That is why we need contemporary translators that are capable of bringing today's science to regular people, and especially, to bring the astrophysical response to atheism, he added.
Fr. Spitzer explained that, since science is based on a empirical model, it can change at any time. Nevertheless, as science develops and the so called Big Bang theory of the origin and existence of the universe becomes more refined, it becomes less and less possible for other explanations (of the universe) to be scientifically viable.
Read the entire Catholic News Agency article. Fr. Spitzer, who has authored Five Pillars of the Spiritual Life and Healing the Culture for Ignatius Press, is working on or has finished several new books, including Jesus-Emmanuel: Evidence of the Divinity of Christ and the Unconditional Love of God (Ignatius 2010), Suffering and the Unconditional Love of God (submitted to Ignatius for possible 2010 publication), and New Proofs for the Existence of God: Contributions of Contemporary Physics and Philosophy (Eerdmans 2009).
Fr. Robert Barron was recently interviewed by The Catholic Herald:
He surveys the contemporary scene from Barack Obama or Christopher Hitchens to the latest papal encyclical, The Sopranos - "Tony Soprano is sort of an Augustinian figure" - or the music of Bob Dylan, which he says is deeply biblical. He's very clever and it does no harm that he seems solid. There's nothing weird about him; neither is he a trendy try-hard.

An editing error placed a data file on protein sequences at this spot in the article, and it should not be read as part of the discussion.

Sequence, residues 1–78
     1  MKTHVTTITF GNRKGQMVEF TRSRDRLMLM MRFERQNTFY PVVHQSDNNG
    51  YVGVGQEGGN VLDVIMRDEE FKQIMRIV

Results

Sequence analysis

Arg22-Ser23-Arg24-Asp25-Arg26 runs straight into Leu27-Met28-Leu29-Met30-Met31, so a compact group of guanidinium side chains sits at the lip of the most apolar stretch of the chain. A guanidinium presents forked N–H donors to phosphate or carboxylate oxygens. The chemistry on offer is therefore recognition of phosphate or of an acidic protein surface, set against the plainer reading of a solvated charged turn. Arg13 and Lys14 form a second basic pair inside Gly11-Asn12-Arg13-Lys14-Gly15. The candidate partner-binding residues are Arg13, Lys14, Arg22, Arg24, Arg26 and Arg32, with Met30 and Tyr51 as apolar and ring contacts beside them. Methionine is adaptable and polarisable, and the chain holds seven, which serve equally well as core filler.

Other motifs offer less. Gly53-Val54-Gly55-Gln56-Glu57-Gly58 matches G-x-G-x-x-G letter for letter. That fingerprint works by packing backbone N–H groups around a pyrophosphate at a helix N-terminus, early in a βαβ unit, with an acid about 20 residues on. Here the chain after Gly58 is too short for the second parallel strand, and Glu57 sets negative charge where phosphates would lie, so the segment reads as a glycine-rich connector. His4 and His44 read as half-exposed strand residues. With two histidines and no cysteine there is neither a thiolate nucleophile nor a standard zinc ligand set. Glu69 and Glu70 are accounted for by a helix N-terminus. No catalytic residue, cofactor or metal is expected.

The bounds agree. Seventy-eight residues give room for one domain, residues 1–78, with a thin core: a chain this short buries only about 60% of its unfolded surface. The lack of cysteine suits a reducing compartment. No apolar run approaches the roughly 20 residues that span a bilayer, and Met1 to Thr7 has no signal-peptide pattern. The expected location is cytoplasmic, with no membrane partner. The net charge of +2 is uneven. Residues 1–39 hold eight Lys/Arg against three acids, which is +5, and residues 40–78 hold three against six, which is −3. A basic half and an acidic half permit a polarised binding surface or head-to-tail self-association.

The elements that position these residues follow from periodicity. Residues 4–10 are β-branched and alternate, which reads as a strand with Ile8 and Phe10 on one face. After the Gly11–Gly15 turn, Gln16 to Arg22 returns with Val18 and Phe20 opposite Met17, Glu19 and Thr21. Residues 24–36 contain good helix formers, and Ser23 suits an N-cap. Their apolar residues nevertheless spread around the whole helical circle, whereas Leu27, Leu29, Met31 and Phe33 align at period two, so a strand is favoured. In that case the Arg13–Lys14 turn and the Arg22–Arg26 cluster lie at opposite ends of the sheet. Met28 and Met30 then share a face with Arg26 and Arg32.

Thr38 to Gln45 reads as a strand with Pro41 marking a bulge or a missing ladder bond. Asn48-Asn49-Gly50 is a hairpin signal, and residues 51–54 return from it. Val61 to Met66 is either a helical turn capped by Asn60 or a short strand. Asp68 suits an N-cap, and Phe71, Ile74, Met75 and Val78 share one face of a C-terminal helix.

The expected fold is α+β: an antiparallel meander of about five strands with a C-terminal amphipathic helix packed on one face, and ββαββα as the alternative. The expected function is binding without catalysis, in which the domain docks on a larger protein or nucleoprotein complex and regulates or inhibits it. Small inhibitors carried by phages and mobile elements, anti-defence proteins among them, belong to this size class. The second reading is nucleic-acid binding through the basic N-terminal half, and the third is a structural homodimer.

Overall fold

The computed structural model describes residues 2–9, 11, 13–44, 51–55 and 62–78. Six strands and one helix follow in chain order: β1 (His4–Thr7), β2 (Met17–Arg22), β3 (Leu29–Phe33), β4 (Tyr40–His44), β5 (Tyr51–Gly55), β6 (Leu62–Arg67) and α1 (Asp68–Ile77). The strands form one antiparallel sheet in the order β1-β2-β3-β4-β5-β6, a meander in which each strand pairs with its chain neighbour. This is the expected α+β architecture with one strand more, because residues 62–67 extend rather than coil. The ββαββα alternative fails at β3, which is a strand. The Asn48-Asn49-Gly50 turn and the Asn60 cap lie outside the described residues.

The key thing for him is that Catholics should engage with the culture unapologetically. He's fond of "John Paul Two", as he calls him. "I think he was a very good example of this unapologetic but very genial Catholicism, not scolding and belligerent, but he was trying to show how attractive Catholicism was on its own terms."
Not that he isn't full of praise for the present Pope, especially for the "élan" of his literary style, but the Williamson affair, he says, showed a "lack of basic competence" in the Roman Curia. The Vatican should not have been unaware of information that could be found on Google. "Maybe the communications department has to be improved a tad," he says.
He's prepared to make such gentle criticisms because, as he says: "I'm with Cardinal Newman. He would say the Pope's infallibility has nothing to do with his pragmatic judgments." He has absolutely no time, however, for what he calls the "anti-Roman feeling".
"If you go into a bookstore you'll see all kinds of evangelical books with very confident titles and then a lot of the Catholic books are 'Why I'm not a Catholic', 'Why I'm mad at the Pope'. Are we surprised that we're not very effective in getting our message across?"
Of course, not everybody thinks evangelising is an appropriate thing for Catholics to be doing these days. "Evangelising gets a bad name because of bad evangelists, certainly on the evangelical side. That shouldn't prevent us from doing the basic task of the Church, which is to bring people to Christ in his body the Church. Our goal is to preach to all nations. If we stop doing that we've lost our soul. You do it in a way that leads with the positives, but by God you do it."
Is there any risk you might offend people who hold different beliefs?
"Paul at the Areopagus in the Acts of the Apostles is doing things with evangelisation. He was talking to a very multi-cultural crowd, making no apology but doing it in a non-violent way, proposing not imposing."
If that's the case, then, shouldn't more priests be doing what you're doing?
"Yah, I think so. There's a dearth of priests who are trained in use of the media.
I think a lot of our bishops sort of get it but they didn't come of age with all this technology."
Without good priests, no Church can flourish.
Love that picture of Fr. Groeschel! Thanks for the links. I’ll browse through those this evening.